The Ann Arbor (Mich.) Area Health Information Exchange is accomplishing what many voluntary consortiums of independent medical groups have only dreamed of doing: earning pay-for-performance dollars and improving patient outcomes by sharing clinical and administrative data in electronic medical-record systems.
While the 4-year-old A3 HIE is still in its formative stages, one of the four participating group practices, 110-physician Integrated Health Associates, already has collected $1.2 million since June 2006 from Blue Cross and Blue Shield of Michigan under its Physician Group Incentive Program, said Carlotta Gabard, IHAs vice president of administrative services and executive director of A3 HIE.
The A3 HIE consortium also includes three specialty groups in the Ann Arbor areaMichigan Heart, Huron Gastroenterology and Michigan Multispecialty Physicians. These groups also have earned hundreds of thousands of dollars through other pay-for-performance programs, Gabard says. For example, since 2005 the four groups have collected about $350,000 from the Southeast Michigan e-Prescribing Initiative.
The doctors are very excited about what we are doing, Gabard said. He added that, We are at the point now where we are seeing major benefits from the system. Some 250 physicians and 50 nurse practitioners share four data sets on nearly 500,000 patients through a single Internet-based health portal. The sets are patient demographic information, medications, allergies, and current problem and diagnoses lists.
It saves physicians time this way: When a patient is referred to a specialist or sees another doctor within the system, staff does not have to re-register the patient. Time for patient check-in has been cut in half, Gabard says. For patients with complications, Gabard estimates the patient data-sharing probably shaves 45 minutes off a normal one-hour new patient intake.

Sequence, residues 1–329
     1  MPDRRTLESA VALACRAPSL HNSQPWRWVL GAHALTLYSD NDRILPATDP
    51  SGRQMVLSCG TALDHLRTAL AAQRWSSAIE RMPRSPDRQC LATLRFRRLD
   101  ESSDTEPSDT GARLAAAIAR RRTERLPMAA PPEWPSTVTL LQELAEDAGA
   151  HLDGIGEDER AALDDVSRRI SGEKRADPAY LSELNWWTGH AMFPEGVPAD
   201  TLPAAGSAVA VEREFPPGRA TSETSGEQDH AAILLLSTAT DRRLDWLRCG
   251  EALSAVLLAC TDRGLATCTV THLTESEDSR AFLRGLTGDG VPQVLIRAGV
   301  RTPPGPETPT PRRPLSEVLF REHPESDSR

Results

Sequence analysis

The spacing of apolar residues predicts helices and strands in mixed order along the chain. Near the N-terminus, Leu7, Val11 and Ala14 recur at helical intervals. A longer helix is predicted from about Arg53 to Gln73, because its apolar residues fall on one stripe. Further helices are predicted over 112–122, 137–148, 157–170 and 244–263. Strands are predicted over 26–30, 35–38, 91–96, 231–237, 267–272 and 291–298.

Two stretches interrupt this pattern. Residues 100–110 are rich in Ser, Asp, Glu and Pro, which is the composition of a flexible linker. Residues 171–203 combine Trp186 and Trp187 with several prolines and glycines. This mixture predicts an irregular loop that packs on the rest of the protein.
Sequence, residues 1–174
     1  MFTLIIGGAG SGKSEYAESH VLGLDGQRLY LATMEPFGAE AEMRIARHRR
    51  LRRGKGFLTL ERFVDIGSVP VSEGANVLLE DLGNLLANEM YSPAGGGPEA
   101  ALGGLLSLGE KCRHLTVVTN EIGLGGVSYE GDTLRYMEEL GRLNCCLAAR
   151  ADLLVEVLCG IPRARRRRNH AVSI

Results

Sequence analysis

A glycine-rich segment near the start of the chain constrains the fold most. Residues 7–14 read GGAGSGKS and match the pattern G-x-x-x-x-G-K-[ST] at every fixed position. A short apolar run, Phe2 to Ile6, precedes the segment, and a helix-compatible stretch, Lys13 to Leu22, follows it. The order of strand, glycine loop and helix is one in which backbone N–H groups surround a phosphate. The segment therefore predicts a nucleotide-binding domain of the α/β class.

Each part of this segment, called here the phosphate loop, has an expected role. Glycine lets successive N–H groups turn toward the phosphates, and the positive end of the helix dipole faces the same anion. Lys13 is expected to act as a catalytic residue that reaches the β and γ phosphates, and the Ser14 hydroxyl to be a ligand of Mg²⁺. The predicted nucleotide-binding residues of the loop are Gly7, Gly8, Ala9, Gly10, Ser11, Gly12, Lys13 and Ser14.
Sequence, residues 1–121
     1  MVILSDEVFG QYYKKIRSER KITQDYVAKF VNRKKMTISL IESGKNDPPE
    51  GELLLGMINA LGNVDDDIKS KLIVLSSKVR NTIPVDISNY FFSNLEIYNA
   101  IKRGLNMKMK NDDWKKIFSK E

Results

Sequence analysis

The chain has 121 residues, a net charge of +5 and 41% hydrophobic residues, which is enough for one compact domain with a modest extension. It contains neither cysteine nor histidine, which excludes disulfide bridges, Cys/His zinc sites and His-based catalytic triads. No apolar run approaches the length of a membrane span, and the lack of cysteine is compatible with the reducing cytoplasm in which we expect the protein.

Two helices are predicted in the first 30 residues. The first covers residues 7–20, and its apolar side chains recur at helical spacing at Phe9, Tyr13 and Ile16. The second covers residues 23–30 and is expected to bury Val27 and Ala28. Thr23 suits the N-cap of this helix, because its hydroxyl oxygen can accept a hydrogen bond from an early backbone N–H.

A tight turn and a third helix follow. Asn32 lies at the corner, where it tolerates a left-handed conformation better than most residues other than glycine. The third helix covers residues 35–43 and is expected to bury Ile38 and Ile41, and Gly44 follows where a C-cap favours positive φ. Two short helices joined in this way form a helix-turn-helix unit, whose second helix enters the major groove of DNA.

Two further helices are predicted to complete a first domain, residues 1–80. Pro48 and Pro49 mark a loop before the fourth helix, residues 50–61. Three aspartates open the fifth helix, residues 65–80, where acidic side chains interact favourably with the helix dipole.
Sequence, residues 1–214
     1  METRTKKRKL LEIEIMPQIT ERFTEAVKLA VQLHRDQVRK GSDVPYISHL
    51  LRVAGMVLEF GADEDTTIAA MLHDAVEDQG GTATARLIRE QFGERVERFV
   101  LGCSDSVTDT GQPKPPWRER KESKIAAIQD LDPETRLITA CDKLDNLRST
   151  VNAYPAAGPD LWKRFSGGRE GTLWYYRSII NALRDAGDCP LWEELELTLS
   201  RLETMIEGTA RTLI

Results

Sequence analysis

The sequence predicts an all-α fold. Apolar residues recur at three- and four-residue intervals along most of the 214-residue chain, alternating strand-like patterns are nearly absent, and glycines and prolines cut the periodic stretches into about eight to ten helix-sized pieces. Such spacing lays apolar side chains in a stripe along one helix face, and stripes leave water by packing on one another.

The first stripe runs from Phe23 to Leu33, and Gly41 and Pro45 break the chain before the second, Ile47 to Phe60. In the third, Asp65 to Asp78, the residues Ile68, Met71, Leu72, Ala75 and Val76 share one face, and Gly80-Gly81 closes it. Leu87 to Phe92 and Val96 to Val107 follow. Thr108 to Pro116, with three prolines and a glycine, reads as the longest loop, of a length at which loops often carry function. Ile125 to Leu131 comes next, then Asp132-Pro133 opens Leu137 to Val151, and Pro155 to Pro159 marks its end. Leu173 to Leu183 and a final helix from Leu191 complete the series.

A3 is a good example of a small community HIE, according to A. John Blair III, chairman and chief executive of MedAllies, a Fishkill, N.Y.-based EMR implementation company. There are very few HIEs like A3 HIE, Blair said. Doctors in small communities can work off the same database (EMR), exchange information and make it work very well. I believe these types of HIEs will grow as more doctors adopt EMRs.
While 165 HIEs were in existence in 2006, only 33 are actually sharing clinical data with their partners, said Christine Bechtel, vice president of public policy and government relations with eHealth Initiative, a Washington-based health information association.
A3 HIE is only one of a handful of physician-founded health information exchanges, Bechtel said. Most HIEs include multiple partners, including hospitals, employers, payers, reference laboratories, pharmacies, consumers and ancillary providers.
Most groups arent doing it because you can make a tremendous amount of investment and time and then be told this isnt the (EMR) standard (for interoperability) we are going to use, said William Bria, chairman of the Association of Medical Directors of Information Systems.
You need standards to have (health information) interchanges, but there is no consensus for (EMR) standards or a blueprint on how they should be implemented, Bria said. Since 2005, the American Health Information Community has been working on uniform EMR standards.
One huge advantage the consortium partners share is they all use an EMR system designed by NextGen Healthcare Information Systems, a Horsham, Pa.-based company. It made sense to go with NextGen because we were talking about sharing information in a patient registry, Gabard said.
While A3 HIE collects the clinical data that helps the groups collect pay-for-performance payments, each physician group keeps its own bonus payments. But for HIEs to become self-sustaining, Gabard said, We must prove our value by showing how we can help physicians decrease administrative costs and provide them with the clinical data.
Gabard said A3 HIEs annual operating expense is $140,000. We think operational costs (of HIEs) have to be covered by users, Gabard said. She added that the consortiums startup costs were partially borne by NextGen because they were considered an alpha and beta site. Gabard says the consortium is seeking $100,000 in grant funding to conduct research on how data collection has improved the practices quality care and reduced operating expenses.
A3 HIE plans to add new partners in coming years. This year, 520-bed St. Joseph Mercy Hospital, Ypsilanti, joined the consortium, contributing laboratory information, and emergency room physicians will soon access the registry, Gabard says.
We will be ready when Medicare starts its pay-for-performance program, Gabard said.